Rebuilding the Entrance Hall on Flexible Foundations
While the main part of the station is perched on rock, Princess Elisabeth Antarctica's entrance hall is built directly on the icecap. Because the movement of the ice was causing pressure on the entrance hall, pulling it away from the ridge, action had to be taken to counter it. So, we decided to disassemble and rebuild the entrance hall: this time on flexible foundations, allowing it to self-adjust as the ice moves for at least the next 20 years.
Thanks to the heavy yet almost invisible groundwork done by the season’s first team of Gregory, Jacques, Olivier, we were able rapidly mount a new wooden structure for the entrance hall. This needs the involvement of most out of our team, with Karel and Erik released from their normal technical duties. They will need to start reinstalling the entire sunny and windy boy systems (inverters that convert the power coming from the solar panels and wind turbines, making it compatible with the station’s energy management systems), in order to reactivate the station’s renewable energy production.
Looking at the all recabling which would need to be done, they were a bit stressed when we dismantled everything. But with Jacques leading the team and Boby, Illir, Olivier and Pierre working hard a daily basis - with help from the rest of the team when necessary, Princess Elisabeth Antarctica has a new hall that can withstand the harsh weather for the next 25 years!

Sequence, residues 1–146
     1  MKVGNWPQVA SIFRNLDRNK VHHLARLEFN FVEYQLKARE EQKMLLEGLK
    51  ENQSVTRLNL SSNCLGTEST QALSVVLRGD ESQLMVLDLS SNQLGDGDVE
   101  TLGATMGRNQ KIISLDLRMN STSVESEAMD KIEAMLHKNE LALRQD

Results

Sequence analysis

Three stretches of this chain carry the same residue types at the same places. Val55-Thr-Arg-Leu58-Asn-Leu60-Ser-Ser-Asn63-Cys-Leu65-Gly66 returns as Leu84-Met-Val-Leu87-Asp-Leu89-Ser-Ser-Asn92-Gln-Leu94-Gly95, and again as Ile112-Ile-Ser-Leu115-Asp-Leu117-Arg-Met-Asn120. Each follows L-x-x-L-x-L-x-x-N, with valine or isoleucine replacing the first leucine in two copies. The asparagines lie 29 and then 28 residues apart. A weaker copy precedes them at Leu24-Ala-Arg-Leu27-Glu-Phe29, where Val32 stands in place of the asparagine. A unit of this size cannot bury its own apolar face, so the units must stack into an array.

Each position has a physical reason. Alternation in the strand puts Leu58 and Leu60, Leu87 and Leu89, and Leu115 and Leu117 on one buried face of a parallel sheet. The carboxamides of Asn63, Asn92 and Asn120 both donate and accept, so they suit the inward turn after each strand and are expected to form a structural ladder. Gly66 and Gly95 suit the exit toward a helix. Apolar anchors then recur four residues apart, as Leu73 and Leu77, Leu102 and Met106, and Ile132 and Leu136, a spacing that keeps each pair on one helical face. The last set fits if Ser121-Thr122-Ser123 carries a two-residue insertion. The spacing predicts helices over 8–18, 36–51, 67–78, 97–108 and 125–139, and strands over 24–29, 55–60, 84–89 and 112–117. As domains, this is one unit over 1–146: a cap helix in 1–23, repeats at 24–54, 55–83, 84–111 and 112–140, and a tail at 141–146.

Meanwhile, Craig, Jacob and Jens carried out a huge project - installing the new slush system to compress the residual mud coming out of the bioreactor treatment of the grey and black water. One doesn’t have to forget that Princess Elisabeth Antarctica is the only station in Antarctica that has a full water retreatment loop for all water used … just like a spaceship. The main advantage of this new system is that, instead of having to deal with three to four tons of semi liquid waste at the end of the season, we only have to deal with 50 Kg of solid waste. Much more ecological and also economical to transport!
In the meantime, because we have lots of field science campaigns to manage, we are carrying out maintenance work on our vehicles, sledges, mobile units and skidoos, which are becoming old and which need careful taking care of. That’s Kristof and Walter’s main job: to deal with all the maintenance and the unexpected technical issues that can happen in the middle of nowhere.
What may comes as a surprise that is that the budget for running Princess Elisabeth Antarctica is quite small, compared to other Antarctic stations. This creates opportunities; the station doesn’t cost as much to run, we have one of the best teams working on this continent, who never complain, even when working around the clock.